With recent events in Philadelphia and St. Louis, US reporting details of Jewish and Catholic graveyard vandalism, where hundreds of tombstones were knocked over and desecrated, the issue of effective burial data management is increasingly vital. Where headstones have been knocked over, the restoration and replacement to the correct location may be a difficult exercise.
The deliberate destruction of graves is a stories old tale, from the the terrorist desecration of Christian graves in the Iraqi city of Mosul.
The alleged Azerbaijan government destruction of Armenian Funerary monuments in Julfa, a city in the Nakhchivan exclave of Azerbaijan,
Photo Credit: Artaxiad
To the decimation of British War Graves in Benghazi, Libya and Muslim graves in Christchurch, Newport Wales.
However we need to consider that deliberate acts of destruction aren’t the only danger to cemeteries. Mother nature herself can be a cruel mistress, the devastation wreaked on some cemeteries is devastating.
Flooding in North Carolina saw coffins floating to the surface in cemeteries after being hit by Hurricane Joaquin in October 2015 (as well as Hurricanes Katrina, Rita and Ike), and flooding in Scotland saw graves and headstones damaged in Cowdenbeath in 2016.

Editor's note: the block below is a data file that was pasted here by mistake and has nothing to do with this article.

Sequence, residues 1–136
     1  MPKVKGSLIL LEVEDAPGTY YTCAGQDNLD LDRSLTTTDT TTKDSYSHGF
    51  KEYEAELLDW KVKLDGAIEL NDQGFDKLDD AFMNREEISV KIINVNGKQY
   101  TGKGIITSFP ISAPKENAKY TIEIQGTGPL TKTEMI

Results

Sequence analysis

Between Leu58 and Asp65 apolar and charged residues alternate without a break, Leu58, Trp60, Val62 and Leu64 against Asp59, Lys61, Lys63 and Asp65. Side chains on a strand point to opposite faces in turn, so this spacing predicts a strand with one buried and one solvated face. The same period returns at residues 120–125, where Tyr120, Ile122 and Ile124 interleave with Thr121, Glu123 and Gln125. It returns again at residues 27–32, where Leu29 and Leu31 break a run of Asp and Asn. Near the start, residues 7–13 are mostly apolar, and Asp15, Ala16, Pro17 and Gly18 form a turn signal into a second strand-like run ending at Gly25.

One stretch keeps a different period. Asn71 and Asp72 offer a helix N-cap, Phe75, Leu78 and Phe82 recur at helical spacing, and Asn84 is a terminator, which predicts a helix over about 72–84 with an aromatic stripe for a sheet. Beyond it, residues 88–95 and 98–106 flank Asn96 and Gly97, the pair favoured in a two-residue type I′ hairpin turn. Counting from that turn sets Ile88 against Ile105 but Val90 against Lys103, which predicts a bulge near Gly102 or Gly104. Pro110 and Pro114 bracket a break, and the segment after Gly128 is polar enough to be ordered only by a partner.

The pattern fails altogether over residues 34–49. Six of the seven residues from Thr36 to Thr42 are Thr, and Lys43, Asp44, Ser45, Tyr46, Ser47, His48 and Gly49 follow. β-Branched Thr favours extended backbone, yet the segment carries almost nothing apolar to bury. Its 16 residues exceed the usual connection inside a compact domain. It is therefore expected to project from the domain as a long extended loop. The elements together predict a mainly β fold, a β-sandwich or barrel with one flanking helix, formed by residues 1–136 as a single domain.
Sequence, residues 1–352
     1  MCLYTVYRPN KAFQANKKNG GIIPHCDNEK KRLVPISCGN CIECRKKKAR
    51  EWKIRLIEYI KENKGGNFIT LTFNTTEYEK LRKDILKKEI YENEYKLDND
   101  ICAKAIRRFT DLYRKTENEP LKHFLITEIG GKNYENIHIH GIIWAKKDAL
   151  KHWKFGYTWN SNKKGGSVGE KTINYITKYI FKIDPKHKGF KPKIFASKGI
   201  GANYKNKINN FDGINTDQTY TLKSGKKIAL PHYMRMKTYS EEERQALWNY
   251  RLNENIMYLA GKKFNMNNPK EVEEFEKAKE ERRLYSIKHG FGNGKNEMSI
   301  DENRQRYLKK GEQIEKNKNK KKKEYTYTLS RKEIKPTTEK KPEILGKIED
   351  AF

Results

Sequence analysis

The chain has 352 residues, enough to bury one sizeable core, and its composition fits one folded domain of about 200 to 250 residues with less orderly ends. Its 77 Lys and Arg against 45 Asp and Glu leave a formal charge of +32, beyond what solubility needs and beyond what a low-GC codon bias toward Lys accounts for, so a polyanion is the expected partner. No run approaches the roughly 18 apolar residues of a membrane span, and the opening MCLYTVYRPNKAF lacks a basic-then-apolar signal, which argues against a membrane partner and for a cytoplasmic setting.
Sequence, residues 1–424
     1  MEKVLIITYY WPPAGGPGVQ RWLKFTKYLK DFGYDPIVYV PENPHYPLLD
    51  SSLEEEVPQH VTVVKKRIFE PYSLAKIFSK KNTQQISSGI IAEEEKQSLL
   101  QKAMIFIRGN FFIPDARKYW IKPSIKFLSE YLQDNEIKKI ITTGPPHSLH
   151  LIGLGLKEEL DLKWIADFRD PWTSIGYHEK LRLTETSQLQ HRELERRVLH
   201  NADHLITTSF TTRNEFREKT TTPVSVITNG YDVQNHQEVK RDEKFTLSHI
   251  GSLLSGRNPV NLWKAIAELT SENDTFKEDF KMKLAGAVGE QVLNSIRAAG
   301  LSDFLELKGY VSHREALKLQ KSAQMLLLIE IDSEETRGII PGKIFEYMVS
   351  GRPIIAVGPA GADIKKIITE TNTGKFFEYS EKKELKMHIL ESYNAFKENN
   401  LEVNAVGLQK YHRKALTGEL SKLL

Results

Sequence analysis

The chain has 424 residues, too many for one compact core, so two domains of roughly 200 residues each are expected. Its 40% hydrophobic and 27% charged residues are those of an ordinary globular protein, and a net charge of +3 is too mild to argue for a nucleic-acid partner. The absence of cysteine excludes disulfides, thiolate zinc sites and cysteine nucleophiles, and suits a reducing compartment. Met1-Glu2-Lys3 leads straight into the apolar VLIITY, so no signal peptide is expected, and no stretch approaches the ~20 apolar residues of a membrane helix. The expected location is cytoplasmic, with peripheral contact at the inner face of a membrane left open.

The restoration and relocation of headstones and caskets can be an arduous task, especially if there are no photographic records of original tombstone inscriptions, GPS co-ordinates of correct gravesites or even attached details of family members to enable the update of progress.
Whether it’s deliberate or mother nature, the reality is that there's a risk to every cemetery that memorials and even burials can be ‘lost’, resulting in distress for both the cemetery and the families affected.
Mapping and records software, like PlotBox, can link the GPS location of your graves and memorials to your records. This offers a real solution for sorting out the mess that intentionally or unintentionally can occur in your cemetery.